Hummingbird First-Aid: Adults
If you find a sick or injured hummingbird on the ground, check and see if the hummingbird is still alive. This is extremely difficult since a hummingbird can enter a sort of hibernation state call torpor when they sleep. It may take as long as twenty to thirty minutes of watching to know for sure if your hummingbird is alive or not. If their eyes are open, and they are breathing, try reaching for the hummingbird to pick him/her up. This may scare them into flying. If attempting to pick up the hummingbird does not work, cup your hands around the hummingbird to pick him/her up. Remember that your little hummingbird is very small, very light, and very delicate. Place the hummingbird in a small box with crumpled up tissue inside and a lid with holes on top before you stand up (in case they struggle and fall out of your hand). The will probably need attention from a veterinarian that is trained in hummingbird care or a trained hummingbird wildlife rehabilitator. The first four (4) hours after injury are critical to hummingbird care.
Take the hummingbird inside to a warm (not hot) location. If the hummingbird starts to open its beak to breathe or its neck is outstretched, it is too hot and they need to be moved to a different location. If the hummingbird is all fluffed up and looks like a cotton ball, he/she is cold and needs to be warmed. To warm up the hummingbird quickly, carefully hold the hummingbird between your thumb and forefinger. Take the hummingbird near a light bulb for warmth. As the hummingbird warms up, his/her feathers will slick down and the eyes will open up. Do not overheat your hummingbird. Make sure the hummingbird is warm before feeding them any nectar.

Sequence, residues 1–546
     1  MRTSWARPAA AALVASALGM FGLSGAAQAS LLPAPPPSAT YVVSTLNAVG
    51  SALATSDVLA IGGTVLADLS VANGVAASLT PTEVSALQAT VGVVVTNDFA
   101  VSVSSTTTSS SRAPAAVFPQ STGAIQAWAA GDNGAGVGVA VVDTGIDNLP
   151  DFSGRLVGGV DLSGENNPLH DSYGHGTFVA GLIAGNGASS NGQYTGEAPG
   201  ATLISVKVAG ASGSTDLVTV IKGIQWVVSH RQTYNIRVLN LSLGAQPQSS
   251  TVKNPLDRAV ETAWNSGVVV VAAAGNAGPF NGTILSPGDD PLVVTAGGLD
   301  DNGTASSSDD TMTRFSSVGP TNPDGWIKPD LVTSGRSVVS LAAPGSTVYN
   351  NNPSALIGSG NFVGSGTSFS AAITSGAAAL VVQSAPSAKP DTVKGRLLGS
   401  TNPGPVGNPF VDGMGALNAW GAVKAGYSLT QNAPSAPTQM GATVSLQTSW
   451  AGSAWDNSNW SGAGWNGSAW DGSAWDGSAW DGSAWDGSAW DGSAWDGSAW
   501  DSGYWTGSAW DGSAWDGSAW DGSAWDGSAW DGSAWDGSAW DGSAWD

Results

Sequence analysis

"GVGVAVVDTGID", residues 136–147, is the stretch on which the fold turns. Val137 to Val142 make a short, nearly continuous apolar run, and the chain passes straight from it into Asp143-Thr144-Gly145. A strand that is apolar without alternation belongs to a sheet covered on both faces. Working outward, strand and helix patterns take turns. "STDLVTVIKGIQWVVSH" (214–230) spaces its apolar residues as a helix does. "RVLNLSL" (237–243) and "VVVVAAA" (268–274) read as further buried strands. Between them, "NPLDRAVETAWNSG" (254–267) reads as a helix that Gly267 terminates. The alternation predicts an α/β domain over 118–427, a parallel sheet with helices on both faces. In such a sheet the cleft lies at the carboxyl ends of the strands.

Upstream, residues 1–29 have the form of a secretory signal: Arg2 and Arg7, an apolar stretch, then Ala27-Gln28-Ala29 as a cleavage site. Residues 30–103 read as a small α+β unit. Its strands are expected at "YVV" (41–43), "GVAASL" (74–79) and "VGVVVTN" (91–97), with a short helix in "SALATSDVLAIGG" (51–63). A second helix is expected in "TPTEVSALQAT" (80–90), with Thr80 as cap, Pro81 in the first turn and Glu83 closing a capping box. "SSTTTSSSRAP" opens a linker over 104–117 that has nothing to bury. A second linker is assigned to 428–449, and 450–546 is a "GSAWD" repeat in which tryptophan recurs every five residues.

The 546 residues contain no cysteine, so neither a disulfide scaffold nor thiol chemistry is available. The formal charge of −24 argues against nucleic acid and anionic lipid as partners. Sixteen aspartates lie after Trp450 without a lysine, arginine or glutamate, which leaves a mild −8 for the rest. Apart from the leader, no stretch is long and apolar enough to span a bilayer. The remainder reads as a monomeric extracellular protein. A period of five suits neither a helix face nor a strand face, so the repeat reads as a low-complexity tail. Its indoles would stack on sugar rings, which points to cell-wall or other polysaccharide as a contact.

Offer him/her some homemade nectar. Mix 4 parts water with 1 part sugar. Fill an eyedropper or syringe with the nectar. Carefully place the hummingbird's beak into the hole of your eyedropper or syringe. Do not squeeze the dropper or syringe to push the nectar into the hummingbird's mouth as you could drown the hummingbird. If the hummingbird is eating, his/her tongue will be seen moving and bubbles will be seen in the liquid. If the hummingbird gasps or bubbles are seen on the side of the hummingbird's mouth, stop immediately. Let the hummingbird calm down a bit and try again. If the hummingbird won't drink, don't force him/her to do so. Offer the sugar water every 30 minutes until help from trained professional can be reached. If care can not be reached within four (4) hours, consider feeding the hummingbird Nektar-Plus (see warning below).
Nektar-Plus is an excellent hummingbird nectar dietary supplement. It is made in Germany and used in commercial aviaries and zoos around the world because of its balanced nutrition and appropriate amount of protein. However:
- It is NOT suitable for outdoor hummingbird feeders, ever.
- Wild hummingbirds do just fine catching their own bugs and do not need to learn dependency on a feeder.
- It is really expensive
- It has a relatively short expiration date on the bottle
- It needs to be replaced twice a day because it spoils quickly
- It needs to be used with sterilized feeders.
- It is difficult to locate and only available to licensed individuals.
For more information about Nektar-Plus, you can read the package insert in pdf format at: http://www.nekton.de/Gebrauchsanweisungen/NEK-PLUS/ge-pl--e.pdf.
Always keep in mind that there are very stiff laws in North America about holding a hummingbird in captivity.